A notable example of this occurred in 2017 when M.E.Doc, a popular accounting software in Ukraine, was infected with the *NotPetya* virus, subsequently infecting people who downloaded that software with ransomware. NotPetya itself was a ransomware attack which impacted 2000+ companies in various countries, and was based on the *EternalBlue* exploit developed by the NSA to attack Windows computers over the network.
</div>
There are few ways in which this type of attack might be carried out:
1. A contributor or employee might work their way into a position of power within a project or organization, then abuse that position by adding malicious code.
2. A developer may be coerced by an outside party to add malicious code.
3. An individual or group might identify a third party software dependency (also known as a library) and work to infiltrate it with the above two methods, knowing that it will be used by "downstream" software developers.
These sorts of attacks can require a lot of time and preparation to perform and are risky because they can be detected, particularly in open source projects if they are popular and have outside interest. Unfortunately they're also one of the most dangerous as they are very hard to mitigate entirely. We would encourage readers only use software which has a good reputation and makes an effort to reduce risk by:
1. Only adopting popular software that has been around for a while. The more interest in a project the greater likelihood that external parties will notice malicious changes. A malicious actor will also need to spend more time gaining community trust with meaningful contributions.
2. Finding software which releases binaries with widely-used, trusted build infrastructure platforms, as opposed to developer workstations or self-hosted servers. Some systems like GitHub Actions let you inspect the build script that runs publicly for extra confidence. This lessens the likelihood that malware on a developer's machine could infect their packages, and gives confidence that the binaries produced are in fact produced correctly.
3. Looking for code signing on individual source code commits and releases, which creates an auditable trail of who did what. For example: Was the malicious code in the software repository? Which developer added it? Was it added during the build process?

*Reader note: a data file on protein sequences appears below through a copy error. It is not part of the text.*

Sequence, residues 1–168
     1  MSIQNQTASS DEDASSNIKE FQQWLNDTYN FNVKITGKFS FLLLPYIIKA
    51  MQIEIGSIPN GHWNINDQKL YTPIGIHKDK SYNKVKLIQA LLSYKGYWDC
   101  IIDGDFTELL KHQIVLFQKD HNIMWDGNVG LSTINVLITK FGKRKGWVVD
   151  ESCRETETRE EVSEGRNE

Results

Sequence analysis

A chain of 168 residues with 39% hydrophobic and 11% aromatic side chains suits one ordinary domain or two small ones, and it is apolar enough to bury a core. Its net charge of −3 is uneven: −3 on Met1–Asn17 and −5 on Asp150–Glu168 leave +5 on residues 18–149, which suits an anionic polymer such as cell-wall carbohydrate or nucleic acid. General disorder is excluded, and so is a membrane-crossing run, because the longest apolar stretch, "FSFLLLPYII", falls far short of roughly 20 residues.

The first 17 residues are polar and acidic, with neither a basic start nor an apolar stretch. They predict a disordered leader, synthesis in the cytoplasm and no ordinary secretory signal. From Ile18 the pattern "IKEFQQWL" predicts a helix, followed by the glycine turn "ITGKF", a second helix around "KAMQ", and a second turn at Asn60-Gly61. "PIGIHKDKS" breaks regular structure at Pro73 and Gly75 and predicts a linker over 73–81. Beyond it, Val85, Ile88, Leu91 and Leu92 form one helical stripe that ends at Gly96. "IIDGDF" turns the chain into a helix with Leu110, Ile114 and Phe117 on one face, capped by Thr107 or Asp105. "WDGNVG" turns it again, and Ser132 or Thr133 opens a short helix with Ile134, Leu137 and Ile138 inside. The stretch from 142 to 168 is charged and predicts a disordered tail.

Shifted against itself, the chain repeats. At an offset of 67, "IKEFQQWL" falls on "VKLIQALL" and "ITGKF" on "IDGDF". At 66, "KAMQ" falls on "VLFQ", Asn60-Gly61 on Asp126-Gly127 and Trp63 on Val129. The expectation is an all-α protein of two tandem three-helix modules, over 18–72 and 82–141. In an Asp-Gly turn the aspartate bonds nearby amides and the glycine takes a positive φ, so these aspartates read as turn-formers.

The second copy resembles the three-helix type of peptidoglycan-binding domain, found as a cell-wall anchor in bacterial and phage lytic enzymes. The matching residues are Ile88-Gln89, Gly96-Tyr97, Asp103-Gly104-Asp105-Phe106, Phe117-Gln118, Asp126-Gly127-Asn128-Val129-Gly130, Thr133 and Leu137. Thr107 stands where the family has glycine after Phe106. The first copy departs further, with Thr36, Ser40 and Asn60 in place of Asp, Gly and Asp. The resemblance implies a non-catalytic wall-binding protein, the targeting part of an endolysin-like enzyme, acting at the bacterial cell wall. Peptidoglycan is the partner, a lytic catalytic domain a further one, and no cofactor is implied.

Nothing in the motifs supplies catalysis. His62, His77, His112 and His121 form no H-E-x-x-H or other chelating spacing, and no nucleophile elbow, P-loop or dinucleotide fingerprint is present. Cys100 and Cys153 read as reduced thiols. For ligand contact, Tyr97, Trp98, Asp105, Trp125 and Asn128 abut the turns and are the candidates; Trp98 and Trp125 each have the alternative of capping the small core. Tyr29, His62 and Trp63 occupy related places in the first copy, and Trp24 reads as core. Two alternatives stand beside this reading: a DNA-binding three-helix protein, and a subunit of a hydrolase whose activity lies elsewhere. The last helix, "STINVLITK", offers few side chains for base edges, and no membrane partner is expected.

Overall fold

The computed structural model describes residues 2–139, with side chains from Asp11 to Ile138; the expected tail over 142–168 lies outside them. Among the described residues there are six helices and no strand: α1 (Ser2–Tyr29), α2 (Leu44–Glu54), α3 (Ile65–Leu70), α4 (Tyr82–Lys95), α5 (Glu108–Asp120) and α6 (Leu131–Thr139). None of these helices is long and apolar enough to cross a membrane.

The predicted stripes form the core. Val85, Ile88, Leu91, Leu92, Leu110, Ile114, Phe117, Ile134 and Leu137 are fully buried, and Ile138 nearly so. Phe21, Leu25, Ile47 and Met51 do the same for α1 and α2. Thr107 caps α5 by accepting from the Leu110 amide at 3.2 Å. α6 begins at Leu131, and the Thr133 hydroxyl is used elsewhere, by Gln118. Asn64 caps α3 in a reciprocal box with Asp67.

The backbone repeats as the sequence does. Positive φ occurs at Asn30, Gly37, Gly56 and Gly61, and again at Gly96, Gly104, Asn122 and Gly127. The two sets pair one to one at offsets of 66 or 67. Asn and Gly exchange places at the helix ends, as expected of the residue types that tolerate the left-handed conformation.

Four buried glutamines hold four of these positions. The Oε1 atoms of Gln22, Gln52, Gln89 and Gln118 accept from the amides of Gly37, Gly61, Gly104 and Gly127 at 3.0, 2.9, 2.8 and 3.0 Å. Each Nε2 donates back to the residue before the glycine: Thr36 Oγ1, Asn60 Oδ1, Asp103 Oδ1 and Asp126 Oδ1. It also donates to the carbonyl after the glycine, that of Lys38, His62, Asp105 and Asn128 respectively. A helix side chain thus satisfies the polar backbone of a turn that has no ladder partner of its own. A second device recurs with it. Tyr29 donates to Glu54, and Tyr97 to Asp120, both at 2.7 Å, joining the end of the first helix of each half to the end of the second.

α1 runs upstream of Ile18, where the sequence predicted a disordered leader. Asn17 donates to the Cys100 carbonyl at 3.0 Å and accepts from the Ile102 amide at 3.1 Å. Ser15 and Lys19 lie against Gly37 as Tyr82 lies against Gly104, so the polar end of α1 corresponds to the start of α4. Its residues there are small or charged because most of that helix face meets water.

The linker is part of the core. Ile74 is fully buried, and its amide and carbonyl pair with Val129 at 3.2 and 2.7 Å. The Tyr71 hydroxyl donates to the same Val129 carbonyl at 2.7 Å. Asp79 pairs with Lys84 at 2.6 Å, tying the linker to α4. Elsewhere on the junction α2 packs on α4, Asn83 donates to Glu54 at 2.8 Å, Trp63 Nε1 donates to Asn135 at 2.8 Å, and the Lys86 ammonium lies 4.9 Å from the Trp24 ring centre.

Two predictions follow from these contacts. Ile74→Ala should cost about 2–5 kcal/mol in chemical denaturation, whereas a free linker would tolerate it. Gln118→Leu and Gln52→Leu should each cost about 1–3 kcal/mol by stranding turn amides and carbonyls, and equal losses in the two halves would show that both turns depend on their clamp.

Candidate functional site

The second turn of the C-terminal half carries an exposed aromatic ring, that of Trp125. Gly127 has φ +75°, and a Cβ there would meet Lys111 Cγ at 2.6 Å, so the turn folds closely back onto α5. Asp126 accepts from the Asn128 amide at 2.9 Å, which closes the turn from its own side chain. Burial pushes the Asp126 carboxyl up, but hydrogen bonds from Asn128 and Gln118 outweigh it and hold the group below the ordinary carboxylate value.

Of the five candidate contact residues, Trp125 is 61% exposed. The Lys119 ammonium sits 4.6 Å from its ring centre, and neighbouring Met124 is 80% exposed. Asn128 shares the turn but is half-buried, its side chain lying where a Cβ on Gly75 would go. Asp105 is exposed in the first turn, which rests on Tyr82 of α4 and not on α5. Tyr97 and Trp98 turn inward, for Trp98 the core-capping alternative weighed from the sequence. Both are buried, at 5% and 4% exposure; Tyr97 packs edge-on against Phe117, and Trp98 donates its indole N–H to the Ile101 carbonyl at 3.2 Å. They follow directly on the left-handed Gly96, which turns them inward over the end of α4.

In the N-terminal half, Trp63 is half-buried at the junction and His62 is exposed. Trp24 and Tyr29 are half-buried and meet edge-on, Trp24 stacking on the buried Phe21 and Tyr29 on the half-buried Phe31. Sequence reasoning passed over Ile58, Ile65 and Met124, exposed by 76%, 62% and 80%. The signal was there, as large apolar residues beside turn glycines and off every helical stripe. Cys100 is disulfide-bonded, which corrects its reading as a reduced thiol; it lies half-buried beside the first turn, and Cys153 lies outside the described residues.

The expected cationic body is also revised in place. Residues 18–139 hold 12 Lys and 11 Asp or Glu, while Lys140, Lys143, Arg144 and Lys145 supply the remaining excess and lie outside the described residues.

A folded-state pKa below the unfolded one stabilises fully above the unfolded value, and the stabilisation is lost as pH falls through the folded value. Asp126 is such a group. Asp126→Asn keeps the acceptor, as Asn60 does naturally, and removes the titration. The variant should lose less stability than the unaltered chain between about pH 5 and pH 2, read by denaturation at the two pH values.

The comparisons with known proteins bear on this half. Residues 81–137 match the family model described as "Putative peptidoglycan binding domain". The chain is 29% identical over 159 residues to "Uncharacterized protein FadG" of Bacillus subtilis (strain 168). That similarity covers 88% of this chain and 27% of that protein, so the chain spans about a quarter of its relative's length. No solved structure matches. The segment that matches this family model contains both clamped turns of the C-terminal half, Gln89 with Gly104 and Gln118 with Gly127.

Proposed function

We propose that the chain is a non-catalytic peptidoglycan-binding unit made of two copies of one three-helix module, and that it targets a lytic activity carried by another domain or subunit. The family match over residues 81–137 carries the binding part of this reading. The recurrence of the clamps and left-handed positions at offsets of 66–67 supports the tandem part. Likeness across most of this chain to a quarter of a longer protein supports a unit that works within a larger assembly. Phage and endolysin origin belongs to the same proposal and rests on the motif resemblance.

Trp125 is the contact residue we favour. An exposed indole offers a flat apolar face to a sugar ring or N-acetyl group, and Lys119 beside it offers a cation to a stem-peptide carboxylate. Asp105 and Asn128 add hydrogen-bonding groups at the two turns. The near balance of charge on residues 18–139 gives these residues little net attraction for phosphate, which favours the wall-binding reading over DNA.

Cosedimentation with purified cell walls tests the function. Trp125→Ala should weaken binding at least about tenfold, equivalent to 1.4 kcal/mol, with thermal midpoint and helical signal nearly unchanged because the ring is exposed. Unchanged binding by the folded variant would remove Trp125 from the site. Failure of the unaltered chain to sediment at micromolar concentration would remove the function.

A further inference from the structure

4. Checking whether the source code has meaningful commit messages (such as [conventional commits](https://conventionalcommits.org)) which explain what the change is supposed to accomplish. Clear messages can make it easier for outsiders to the project to verify, audit, and find bugs.
5. Noting the number of contributors or maintainers a program has. A lone developer may be more susceptible to being coerced into adding malicious code by an external party, or to negligently enable undesirable behavior. This may very well mean software developed by "Big Tech" has more scrutiny than a lone developer who doesn't answer to anyone.
## Privacy From Service Providers
<span class="pg-teal">:material-server-network: Service Providers</span>

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:root, [data-md-color-scheme="default"] {
--md-default-bg-color: rgb(247, 247, 252);
--md-primary-fg-color: rgb(255, 255, 255);
--md-primary-fg-color--light: #FFD06F;
--md-primary-fg-color--light: #ffd06f;
--md-primary-fg-color--dark: #db9d21;
--md-primary-bg-color: rgba(0,0,0,.75);
--md-primary-bg-color--light: rgba(0,0,0,.54);
@ -45,17 +45,18 @@
--pg-blue: #0e66ae;
--pg-green: #2e7e31;
--pg-blue-gray: #546d78;
--pg-viridian: #40826d;
}
:root, [data-md-color-scheme="slate"] {
--md-default-bg-color: rgb(26, 26, 27);
--md-primary-fg-color: rgb(15, 15, 15);
--md-primary-fg-color--light: #FFD06F;
--md-primary-fg-color--light: #ffd06f;
--md-primary-fg-color--dark: #db9d21;
--md-primary-bg-color: rgba(0,0,0,.75);
--md-primary-bg-color--light: rgba(0,0,0,.54);
--md-accent-fg-color: #ffdb57;
--pg-light-border: rgb(47, 47, 47);
--pg-hero-color: #FFD06F;
--pg-hero-color: #ffd06f;
--pg-purple: #af94de;
--pg-red: #ff6c6a;
--pg-orange: #e97b5a;
@ -64,6 +65,7 @@
--pg-blue: #74b9f1;
--pg-green: #72cd75;
--pg-blue-gray: #9ab2bc;
--pg-viridian: #40826d;
--md-footer-bg-color--dark: var(--md-default-bg-color);
}
@ -301,6 +303,10 @@ details[class="downloads annotate"] > p .md-annotation span span::before {
color: var(--pg-blue-gray);
}
.pg-viridian {
color: var(--pg-viridian);
}
/* Make header icons smaller */
.md-header__button.md-icon svg {
height: 1rem;